Sponsored by: the History Department, LALACS, the Leslie Center for the Humanities and the Rockefeller Center.

Bio: Louise Walker is Assistant Professor of History at Northeastern University. She obtained her Ph.D. from Yale University in 2008 and is author of Waking from the Dream: Mexico’s Middle Class after 1968 (Stanford University Press, 2013) and co-editor of Latin America’s Middle Class: Unsettled Debates and New Histories (Roman and Littlefield, 2013). She also co-edited “Spy Reports: Content, Methodology, and Historiography in Mexico’s Secret Police Archive” a special issue of the Journal of Iberian and Latin American Research (2013, vol. 19, no. 1).

 

Cross-Border Justice & the Migrant Worker

Latin@ Heritage Month presents.
Cross-Border Justice & the Migrant Worker
Speaker:  Cathleen Caron ’92, Founder – Global Workers Justice Alliance

OCT. 21 (Mon) – 6:30 PM                   Dinner available*

Paganucci Lounge

>>>Please
Register on DartBoard (https://www.myinterfase.com/dartmouth/student/) Select Upcoming Events and Register for Event by NOON on OCT. 18 (Fri)*

Migrant workers are often cheated of wages, fall prey to human trafficking schemes, are injured, and suffer other serious forms of exploitation. Although they face barriers when seeking justice while in the country of employment, it is much worse if they decide to return home. ‘Portable justice’ enables transnational migrants to access justice even after they have departed.


By empowering already existing organizations in the home countries to be resources to migrant workers, Global Workers is creating an efficient model for cross-border justice. Global Workers staff trains and supports members of the Global Workers Defenders Network, who are human rights advocates, to facilitate legal cases for migrant workers in partnership with advocates in the countries of employment.  Global Workers Justice Alliance has programs in the migrant sending countries of Mexico and Guatemala and in the United States as the country of employment.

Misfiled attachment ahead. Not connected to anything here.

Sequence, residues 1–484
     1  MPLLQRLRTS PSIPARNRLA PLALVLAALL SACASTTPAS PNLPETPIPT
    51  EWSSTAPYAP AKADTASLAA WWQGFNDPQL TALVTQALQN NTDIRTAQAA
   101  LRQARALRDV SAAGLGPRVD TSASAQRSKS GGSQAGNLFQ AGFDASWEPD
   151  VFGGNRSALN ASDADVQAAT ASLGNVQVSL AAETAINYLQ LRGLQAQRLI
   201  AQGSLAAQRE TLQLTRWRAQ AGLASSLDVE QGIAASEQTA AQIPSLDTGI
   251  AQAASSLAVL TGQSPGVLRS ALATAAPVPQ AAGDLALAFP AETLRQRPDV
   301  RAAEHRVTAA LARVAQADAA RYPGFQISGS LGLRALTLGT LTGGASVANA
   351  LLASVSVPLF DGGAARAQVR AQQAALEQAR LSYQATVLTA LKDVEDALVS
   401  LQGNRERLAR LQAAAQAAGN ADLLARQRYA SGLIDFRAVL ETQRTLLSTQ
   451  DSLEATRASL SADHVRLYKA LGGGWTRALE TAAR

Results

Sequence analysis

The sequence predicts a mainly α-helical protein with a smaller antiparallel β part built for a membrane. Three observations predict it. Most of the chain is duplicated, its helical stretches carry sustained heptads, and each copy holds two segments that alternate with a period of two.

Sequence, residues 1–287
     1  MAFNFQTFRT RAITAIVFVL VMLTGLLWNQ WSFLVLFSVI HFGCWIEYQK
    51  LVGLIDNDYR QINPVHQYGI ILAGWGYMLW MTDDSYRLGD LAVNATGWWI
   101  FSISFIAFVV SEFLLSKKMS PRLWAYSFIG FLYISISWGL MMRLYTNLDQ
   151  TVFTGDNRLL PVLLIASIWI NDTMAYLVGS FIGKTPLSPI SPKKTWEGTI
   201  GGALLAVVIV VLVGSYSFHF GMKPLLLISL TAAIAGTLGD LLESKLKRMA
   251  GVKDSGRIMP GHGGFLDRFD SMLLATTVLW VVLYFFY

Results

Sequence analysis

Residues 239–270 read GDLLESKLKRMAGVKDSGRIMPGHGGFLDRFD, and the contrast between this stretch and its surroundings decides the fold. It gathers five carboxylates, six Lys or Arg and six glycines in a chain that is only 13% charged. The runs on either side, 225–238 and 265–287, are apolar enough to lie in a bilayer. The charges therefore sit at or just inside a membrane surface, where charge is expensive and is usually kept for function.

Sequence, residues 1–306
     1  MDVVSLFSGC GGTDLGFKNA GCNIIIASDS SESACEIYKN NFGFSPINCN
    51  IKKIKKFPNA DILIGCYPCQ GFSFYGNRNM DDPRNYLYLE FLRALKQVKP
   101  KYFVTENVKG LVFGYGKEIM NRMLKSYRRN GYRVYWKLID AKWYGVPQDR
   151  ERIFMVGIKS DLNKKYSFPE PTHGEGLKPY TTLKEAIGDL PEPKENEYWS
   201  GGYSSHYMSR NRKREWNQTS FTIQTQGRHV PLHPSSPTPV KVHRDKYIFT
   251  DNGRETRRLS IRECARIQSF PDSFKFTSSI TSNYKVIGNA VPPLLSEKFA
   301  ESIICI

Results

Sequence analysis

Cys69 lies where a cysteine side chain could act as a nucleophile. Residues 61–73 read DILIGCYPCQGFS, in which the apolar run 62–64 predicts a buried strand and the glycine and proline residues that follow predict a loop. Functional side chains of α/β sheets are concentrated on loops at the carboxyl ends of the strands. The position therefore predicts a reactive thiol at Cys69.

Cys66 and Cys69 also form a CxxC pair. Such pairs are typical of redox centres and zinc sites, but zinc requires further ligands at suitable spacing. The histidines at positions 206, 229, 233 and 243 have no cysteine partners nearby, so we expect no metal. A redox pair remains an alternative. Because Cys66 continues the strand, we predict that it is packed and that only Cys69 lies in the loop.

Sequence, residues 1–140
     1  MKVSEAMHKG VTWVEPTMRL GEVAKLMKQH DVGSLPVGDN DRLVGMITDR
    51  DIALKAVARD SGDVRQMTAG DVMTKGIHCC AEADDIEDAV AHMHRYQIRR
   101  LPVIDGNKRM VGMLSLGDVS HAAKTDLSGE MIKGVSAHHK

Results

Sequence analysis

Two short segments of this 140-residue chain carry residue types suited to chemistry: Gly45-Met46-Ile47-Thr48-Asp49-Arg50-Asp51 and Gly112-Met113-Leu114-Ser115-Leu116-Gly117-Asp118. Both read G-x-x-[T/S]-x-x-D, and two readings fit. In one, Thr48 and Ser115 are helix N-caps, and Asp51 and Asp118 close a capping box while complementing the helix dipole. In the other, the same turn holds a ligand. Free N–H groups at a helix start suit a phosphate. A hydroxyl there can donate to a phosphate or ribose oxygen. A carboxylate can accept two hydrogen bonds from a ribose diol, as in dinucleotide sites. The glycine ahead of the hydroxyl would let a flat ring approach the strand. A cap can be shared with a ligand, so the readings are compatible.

Cathleen was awarded the Martin Luther King Jr. Social Justice Award for Ongoing Commitment from Dartmouth College and received the Outstanding Law Graduate Award and the Award for Outstanding Public Advocacy from American University Washington College of Law. In 2010, the American Constitutional Society bestowed her the David Carliner Public Interest Award.


Sponsored by:  The Center for Professional Development & the Latino Advisory Council

TODAY: Entrepreneurship Open House

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This new office will collect and provide resources related to entrepreneurship, intellectual property and technology commercialization by facilitating communication between undergraduates and Dartmouth’s graduate schools. The office seeks to foster a culture of entrepreneurship and expand the breadth of activities and opportunities for community members interested in entrepreneurship.

The office will oversee several existing entrepreneurial and technological organizations, including the Dartmouth Entrepreneurial Network, regional technology center and technology transfer office.

Richard Blanco is coming to Dartmouth!

American poet and teacher and  poet for Barack Obama’s second inauguration.

** THURSDAY OCTOBER 3, 2013  4.30PM – FILENE AUDITORIUM**

Free and open to all. Book Signing to follow.

Co-sponsored by the Leslie Center for the Humanities, Departments of Spanish
and Portuguese, English  and COLT, LALACS, MALS and WGST programs, Dean of
Faculty and the Office of the Provost.

THE LESLIE CENTER FOR THE HUMANITES
http://www.dartmouth.edu/~lhc/events/

Latino Partnership for Success

LPS

Program Requirements:

Each week you will have a task to complete. In order to receive the stipend at the end of the term both you and your partner must successfully complete all the assignments/tasks for the term. Some tasks will have more flexible times (you get to schedule an appt. time that works for you and your partner) other tasks will be mandatory meetings for the whole group.

 

You are allowed to miss 1 task/meeting individually, only with a good excuse (for example: a practice or lab you can’t reschedule).  You must email me and my intern directly with your reason for missing it.

Any task you miss must be made up or replaced by another, usually related to the same office, which we will assign to you.

 

This program will be very big on accountability! Because you are being counted as a pair, it is your duty to hold your partner accountable.

 

Each activity/task is due the following week after it is assigned.

 

For each task you will be required to write a short (150-300 word) account about what you learned or how the office is useful in the style of “Why you should use ( x department/office)!” which may be posted on our community blog.

You’ll also get an email with a signature sheet for the tasks which are not group meetings. For group meetings attendance will be taken.

 

This was the schedule for last year’s program, we are still working on finalizing this year’s schedule: